I won't say it is the best choice for all kids but if your doctor that knows your daughter suggests it, I would take that advice over a guy at a store. If the magnesium works, great. If not, look for a time release melatonin if your daughter's doctor is suggesting it for her.

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Q - is your child gifted? Many gifted kids just plain don't need as much sleep as others...no clue why, they just don't.


Does she suffer the next day from lack of sleep, or is it just that she doesn't sleep much at night (but does fine the next day)? My ds12 has pretty much never slept more than a few hours per night (except when he's sick), but doesn't have any problems because of it. Honestly, I just keep audiobooks and quiet activities that he's allowed to do at easy reach, and he's learned not to wake me unless it's really important ;) (Happy Mom = happy child the next day lol...)

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I'm sorry you and your child are struggling with sleep issues Maggie. My daughter also struggles getting to sleep and staying asleep. I know how exhausting it can be for them and for you. We use melatonin and it has worked for her - mostly to get to sleep.


You may do this already but as for waking up in the night and getting back to sleep, we worked with our daughter to develop calming and relaxing techniques she can use if she wakes up and we looked carefully at her room to see if we could make changes that would facilitate sleep. Here are a couple of things, we did that may work for you:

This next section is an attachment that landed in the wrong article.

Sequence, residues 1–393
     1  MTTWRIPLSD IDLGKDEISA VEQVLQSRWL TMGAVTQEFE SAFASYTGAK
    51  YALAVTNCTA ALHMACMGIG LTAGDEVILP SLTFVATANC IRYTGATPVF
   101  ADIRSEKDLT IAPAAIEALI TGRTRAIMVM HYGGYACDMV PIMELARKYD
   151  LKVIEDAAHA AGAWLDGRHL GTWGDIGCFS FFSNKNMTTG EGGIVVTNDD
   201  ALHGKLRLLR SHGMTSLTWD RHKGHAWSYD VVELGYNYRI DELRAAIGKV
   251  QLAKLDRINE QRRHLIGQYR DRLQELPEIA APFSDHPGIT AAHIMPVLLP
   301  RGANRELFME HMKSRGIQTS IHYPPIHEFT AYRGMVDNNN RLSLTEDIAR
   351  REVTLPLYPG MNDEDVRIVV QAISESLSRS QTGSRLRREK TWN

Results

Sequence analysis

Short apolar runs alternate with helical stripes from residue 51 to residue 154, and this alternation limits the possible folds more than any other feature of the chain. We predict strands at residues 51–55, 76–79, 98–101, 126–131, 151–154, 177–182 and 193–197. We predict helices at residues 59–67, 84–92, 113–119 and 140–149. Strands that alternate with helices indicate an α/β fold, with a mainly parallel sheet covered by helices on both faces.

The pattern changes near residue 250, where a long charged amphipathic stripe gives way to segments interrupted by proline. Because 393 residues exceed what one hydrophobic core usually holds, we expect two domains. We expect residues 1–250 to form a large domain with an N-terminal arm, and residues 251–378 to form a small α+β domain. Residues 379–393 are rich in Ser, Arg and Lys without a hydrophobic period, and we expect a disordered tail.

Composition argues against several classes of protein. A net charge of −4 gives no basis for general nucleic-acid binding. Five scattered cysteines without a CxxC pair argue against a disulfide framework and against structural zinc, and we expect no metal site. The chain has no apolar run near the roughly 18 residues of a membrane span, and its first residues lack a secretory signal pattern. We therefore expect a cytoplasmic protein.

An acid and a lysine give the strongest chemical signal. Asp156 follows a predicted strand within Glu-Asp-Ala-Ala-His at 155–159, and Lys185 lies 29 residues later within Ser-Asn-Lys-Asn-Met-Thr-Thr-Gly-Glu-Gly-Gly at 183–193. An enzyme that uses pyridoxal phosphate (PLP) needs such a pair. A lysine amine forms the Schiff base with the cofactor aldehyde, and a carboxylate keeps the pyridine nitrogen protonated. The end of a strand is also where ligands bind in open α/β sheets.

1. Lavender is calming. She keeps a small handkerchief scented with lavender oil under her pillow. If she wakes at night she can hold it and smell it and it helps her calm down. She also applies lavender lotion on her hands and arms before she goes to bed.


2. We have a 15 minute calming/sleep ritual we do before bed. This includes a small candle, very little light, a message with lavender lotion and a few calming exercises given to us by her OT.


3. We have tried several alterations to her room as well. For example, she needs a night light but the white light was too bright and created shadows. Instead we purchased this cute little turtle that has a soft body but a hard shell. At night, when you turn the turtle on, soft blue and green light shines through his shell and makes stars on the ceiling. My daughter finds this very calming and reassuring if she wakes up in the night.


4. My daughter is very tactile and sensitive to texture so we tried different blankets and sheets. For example, we tried jersey sheets, flannel sheets and different cotton content sheets. Sure enough, she is more comfortable on the jersey sheet. We did the same materials test on pajamas as well.


5. We also worked with our daughter on techniques she can use to get back to sleep if she wakes up. We found a series of physical exercises she can do herself that help her relax. We also found a series of mental exercises she does to help her calm her mind.


It's not perfect. As she grows and changes, we have to revisit what works and what doesn't. But it has been possible and we have noticed a difference in our daughter's quality of life when she can get enough sleep.


Good luck to you!